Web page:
2. Specific instructions concerning the idle 3:11-13
Paul commanded the idle to settle down and to support themselves (cf. 1 Thessalonians 4:11; Genesis 3:19). The obedient majority he counseled to endure this added affliction patiently and to continue doing right.
"’With quietness,’ emphatic by its forward position [in the Greek text], points to the quality of mind that is to be associated with their working. It denotes a condition of inward peace and tranquillity reflecting itself in outward calmness; it is the opposite of their fussy activity as busybodies." [Note: Hiebert, p. 347.]
"Exemplary conduct serves as a constant reprimand to wrongdoers and is an incentive for them to turn from their delinquency." [Note: Thomas, "2 Thessalonians," p. 335.]
Why were these Thessalonians not working? The answer probably lies in the phrase "in quiet fashion."
"The root trouble apparently was their excitability. The thought of the nearness of the Parousia had thrown them into a flutter, and this had led to unwelcome consequences of which their idleness was the outstanding feature." [Note: Morris, The First . . ., p. 256.]
This clause, "in quietness," ". . . is to be understood as the opposite of . . . the feverish excitement of mind stimulated by the belief that the Parousia was at hand . . ." [Note: Frame, p. 307.]
"It seems apparent, then, that these idle Christians believed in the imminent coming of Christ; however, they had concluded wrongly that ’imminent’ equals ’soon.’ Thus, instead of believing that Christ could come soon, they were convinced that He definitely would come soon, and work was therefore no longer necessary for them.
"Why did the Thessalonian Christians believe in the imminent coming of Christ? It must have been because they had been taught the imminent coming of Christ by a person whose authority they trusted. It would appear that Paul is the one who taught them the imminent coming of Christ. His negative reaction to their actions, however, implies that their wrong conduct was the result of a perversion of his teaching (cp. 2 Thessalonians 3:6; 2 Thessalonians 3:10). Contrary to them, Paul did not equate ’imminent’ with ’soon’ and think, therefore, that work was unnecessary." [Note: Showers, Maranatha . . ., p. 134. See also Stanton’s discussion of imminency, pp. 108-37.]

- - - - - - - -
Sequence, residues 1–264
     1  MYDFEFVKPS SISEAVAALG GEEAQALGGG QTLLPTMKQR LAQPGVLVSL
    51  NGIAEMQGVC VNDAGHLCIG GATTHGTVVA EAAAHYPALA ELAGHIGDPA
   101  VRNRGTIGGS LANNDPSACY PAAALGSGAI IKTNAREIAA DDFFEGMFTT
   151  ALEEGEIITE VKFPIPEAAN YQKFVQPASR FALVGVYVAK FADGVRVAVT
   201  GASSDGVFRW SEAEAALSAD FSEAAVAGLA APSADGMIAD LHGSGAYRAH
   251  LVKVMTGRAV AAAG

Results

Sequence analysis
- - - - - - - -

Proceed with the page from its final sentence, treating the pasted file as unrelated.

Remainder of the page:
Failure to abandon the idle lifestyle after having received the further warnings in this epistle should result in increased ostracism (cf. Romans 16:17; 1 Corinthians 5:9; 1 Corinthians 5:11; Titus 3:10-11). This discipline would, hopefully, embarrass the offender into changing his or her ways.
". . . allowing a believer to persist in blatantly unchristian, exploitive, and disruptive behavior is not a kindness-neither to the church nor to the errant believer nor to the watching non-Christian public." [Note: Martin, p. 285.]
Paul put social pressure to good use here. It is regrettable that in our day social pressure often has very little influence on erring brethren. Rather than submit to church discipline many Christians simply change churches. Strong measures may be necessary in some cases so the offender feels the need to repent and to live in harmony with the will of God.
"The treatment of such a man is to withdraw from close fellowship with him. . . . It [the Greek verb sunanamignusthai] literally means ’Don’t mix yourselves up with him’." [Note: Morris, The Epistles . . ., p. 149.]